Since I was a young man I have been exposed to Hebrew.
My parents sent me to a Hebrew school for many years during my pre-teen and teen years. I would finish public school and then go to this school which was held in a local synagogue two to three times a week.
Few of the teachers had any background in teaching. Or, at least, this was my impression. However, they all seemed very supportive of the students and this counted for a lot. As teachers they realized that most of us really didn’t want to be there. We would much rather have been doing something, anything else except be in this place where we had to learn things that seemed to have little relevance to our immediate lives as kids.
But we had no choice in the matter. Our parents decided and we complied.
Hebrew was part of Jewish religious life. All of our prayers were in this language. Of course, the various holidays all were interwoven with Hebrew; their names were in Hebrew. So we came in contact with this language in different ways even though we were not necessarily aware of it.
Rosh Hashana, Yom Kippur, Sukkot, and other holidays all had Hebrew names. We never paid any attention to their derivations or linguistic significance. We just knew what they were and that was sufficient. In fact, for many years, before I took any particular interest in language per se, I used these terms simply because there were no other terms that indicated these concepts.
We never said Festival of atonement. We just would say, Yom Kippur. No one ever used the English translation for Sukkot, Feast of Tabernacles. We just said, Sukkos ( the European or Ashkenazi pronunciation of Sukkot). If you had asked me what was a tabernacle I certainly wouldn’t have known the answer.
When was the last time you used the word tabernacle in daily conversation?
When I was bar mitzvahed at age 13, I chanted the Torah passage ( Pentateuch or first five books of the Torah or Bible) for that week. Afterwards, I also chanted a Haftorah, the passage from the Prophets and Writings of the Torah or Old Testament ( Bible) associated with that week’s Torah portion. They were entirely in Hebrew.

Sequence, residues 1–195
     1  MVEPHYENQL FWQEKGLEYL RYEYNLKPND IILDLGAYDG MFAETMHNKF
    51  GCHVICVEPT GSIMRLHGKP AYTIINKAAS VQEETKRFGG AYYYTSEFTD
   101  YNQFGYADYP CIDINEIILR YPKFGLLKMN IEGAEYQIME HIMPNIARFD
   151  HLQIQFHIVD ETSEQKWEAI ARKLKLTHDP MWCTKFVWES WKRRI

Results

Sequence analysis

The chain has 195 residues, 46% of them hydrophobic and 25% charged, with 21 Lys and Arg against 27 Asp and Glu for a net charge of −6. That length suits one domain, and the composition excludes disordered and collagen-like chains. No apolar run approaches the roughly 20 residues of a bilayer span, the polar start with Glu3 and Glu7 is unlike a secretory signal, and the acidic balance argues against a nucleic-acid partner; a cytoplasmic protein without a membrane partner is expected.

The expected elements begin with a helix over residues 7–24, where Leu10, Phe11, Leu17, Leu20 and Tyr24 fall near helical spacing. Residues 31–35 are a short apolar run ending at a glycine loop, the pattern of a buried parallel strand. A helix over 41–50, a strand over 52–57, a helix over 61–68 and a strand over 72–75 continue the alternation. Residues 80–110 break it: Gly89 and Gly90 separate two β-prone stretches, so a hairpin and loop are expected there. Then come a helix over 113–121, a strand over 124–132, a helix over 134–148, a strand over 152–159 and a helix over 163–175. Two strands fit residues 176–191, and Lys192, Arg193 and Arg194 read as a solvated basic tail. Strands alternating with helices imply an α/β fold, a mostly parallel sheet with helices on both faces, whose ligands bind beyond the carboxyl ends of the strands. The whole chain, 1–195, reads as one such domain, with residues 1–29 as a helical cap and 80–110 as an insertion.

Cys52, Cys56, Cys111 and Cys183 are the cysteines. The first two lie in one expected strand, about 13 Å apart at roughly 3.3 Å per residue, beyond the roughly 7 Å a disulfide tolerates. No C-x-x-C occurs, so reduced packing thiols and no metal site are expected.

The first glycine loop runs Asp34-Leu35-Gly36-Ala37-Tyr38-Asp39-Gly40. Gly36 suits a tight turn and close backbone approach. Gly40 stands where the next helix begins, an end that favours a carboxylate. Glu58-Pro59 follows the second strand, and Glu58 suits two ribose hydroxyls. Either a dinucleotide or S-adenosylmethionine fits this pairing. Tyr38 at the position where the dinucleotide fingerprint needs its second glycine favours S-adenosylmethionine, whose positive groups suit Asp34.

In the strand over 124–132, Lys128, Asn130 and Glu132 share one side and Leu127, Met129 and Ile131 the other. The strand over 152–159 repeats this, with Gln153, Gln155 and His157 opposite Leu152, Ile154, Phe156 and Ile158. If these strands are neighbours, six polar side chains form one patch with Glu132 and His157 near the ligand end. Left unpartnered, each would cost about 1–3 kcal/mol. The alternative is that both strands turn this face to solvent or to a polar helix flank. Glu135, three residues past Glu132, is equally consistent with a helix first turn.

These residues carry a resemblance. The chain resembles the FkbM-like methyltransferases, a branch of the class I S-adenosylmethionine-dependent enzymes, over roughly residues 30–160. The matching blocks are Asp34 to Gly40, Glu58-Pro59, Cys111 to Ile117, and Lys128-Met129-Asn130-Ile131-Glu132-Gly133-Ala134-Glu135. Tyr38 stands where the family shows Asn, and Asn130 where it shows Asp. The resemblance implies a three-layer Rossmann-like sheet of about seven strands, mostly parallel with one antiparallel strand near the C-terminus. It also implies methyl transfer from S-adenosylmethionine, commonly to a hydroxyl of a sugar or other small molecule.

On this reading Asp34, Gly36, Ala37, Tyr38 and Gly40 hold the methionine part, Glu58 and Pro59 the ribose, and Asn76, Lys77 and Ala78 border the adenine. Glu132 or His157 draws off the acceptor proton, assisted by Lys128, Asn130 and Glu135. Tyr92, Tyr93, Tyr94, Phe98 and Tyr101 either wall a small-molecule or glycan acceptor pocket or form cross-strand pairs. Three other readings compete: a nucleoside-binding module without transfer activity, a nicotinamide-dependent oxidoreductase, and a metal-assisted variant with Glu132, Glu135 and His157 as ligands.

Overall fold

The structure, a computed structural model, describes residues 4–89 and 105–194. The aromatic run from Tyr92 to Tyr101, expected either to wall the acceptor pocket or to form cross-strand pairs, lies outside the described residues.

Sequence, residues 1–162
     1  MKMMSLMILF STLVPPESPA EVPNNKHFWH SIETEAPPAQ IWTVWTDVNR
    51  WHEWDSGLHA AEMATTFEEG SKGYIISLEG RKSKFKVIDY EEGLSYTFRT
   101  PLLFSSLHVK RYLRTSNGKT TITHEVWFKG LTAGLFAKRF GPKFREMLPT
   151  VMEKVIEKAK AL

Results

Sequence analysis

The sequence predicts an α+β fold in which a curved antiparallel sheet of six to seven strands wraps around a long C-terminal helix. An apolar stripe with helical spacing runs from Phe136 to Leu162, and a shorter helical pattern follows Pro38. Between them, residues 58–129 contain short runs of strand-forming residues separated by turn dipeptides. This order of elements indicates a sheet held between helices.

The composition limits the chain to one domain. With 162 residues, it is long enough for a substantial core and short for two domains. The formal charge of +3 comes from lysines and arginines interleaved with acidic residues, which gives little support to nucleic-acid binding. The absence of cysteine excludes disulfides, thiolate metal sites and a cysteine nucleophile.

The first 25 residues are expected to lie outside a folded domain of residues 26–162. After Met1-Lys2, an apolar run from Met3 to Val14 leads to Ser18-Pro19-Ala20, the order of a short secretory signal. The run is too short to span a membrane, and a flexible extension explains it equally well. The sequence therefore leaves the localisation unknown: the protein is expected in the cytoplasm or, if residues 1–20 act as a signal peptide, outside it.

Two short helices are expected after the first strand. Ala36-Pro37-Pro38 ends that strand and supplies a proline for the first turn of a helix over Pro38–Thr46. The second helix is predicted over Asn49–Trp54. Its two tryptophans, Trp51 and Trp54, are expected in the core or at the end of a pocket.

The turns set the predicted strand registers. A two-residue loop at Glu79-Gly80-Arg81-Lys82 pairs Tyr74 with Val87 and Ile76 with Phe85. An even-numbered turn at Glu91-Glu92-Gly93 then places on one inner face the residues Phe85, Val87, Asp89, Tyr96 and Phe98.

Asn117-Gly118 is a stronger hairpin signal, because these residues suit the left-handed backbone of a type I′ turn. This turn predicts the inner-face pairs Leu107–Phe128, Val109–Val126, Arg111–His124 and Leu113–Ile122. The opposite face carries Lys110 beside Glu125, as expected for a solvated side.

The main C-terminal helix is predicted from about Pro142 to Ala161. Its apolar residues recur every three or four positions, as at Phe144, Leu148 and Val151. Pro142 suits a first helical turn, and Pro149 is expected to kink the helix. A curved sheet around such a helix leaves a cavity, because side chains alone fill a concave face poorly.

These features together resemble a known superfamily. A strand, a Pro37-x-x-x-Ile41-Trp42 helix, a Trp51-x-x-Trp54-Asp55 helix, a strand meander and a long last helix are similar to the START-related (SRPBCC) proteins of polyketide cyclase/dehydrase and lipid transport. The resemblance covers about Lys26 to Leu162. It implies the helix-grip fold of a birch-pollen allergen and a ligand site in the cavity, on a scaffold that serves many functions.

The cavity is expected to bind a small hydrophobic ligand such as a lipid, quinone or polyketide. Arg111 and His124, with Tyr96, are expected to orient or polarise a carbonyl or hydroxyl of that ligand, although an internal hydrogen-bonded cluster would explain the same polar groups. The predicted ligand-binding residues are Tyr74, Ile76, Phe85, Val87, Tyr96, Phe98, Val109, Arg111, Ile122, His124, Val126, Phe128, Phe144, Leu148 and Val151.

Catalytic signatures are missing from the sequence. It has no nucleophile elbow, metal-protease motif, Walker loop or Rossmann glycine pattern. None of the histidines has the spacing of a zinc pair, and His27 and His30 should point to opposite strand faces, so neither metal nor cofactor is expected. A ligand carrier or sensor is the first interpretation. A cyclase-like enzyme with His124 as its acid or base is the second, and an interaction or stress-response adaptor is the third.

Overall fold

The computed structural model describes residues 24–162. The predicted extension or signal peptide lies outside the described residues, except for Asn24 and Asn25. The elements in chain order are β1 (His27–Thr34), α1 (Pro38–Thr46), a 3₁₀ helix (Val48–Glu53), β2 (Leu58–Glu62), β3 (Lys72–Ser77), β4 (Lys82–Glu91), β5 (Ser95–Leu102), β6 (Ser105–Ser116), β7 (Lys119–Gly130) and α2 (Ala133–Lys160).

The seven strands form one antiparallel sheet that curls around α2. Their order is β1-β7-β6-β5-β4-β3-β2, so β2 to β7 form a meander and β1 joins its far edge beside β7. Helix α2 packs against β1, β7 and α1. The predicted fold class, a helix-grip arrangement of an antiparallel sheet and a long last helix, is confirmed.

I had absolutely no idea of what I was reading or chanting. I had memorized the entire thing.
To say that I was nervous, doing this in front of a large audience, thirteen years old, dressed in a suit and tie, would be an understatement.
My associations with this language were mostly unpleasant. No one I knew used it except for religious and cultural purposes.
I vaguely knew that Hebrew was the official language of the Jewish homeland, Israel. However, I had never met anyone from there and heard them speaking it or so I thought. I certainly had never visited there.
Later, I discovered that many of our teachers were Israelis living in our area who worked as teachers to earn money on the side. However, at the time this never registered.
My grandparents had visited Israel and had given us momentos of their trip, Israeli coins. These were framed and sat in our living room.
My grandfather also collected Israeli postage stamps. He made sure that my father and uncle received all new issues of these stamps and we still have the albums containing these stamps.
My father is now 95. He no longer collects stamps. My uncle and grandfather are both dead. The albums sit in a closet gathering dust.
For years I could not read the language written on those stamps, Hebrew.
Then, one day, in a burst of intellectual curiosity I decided to finally learn Hebrew.
( to be continued)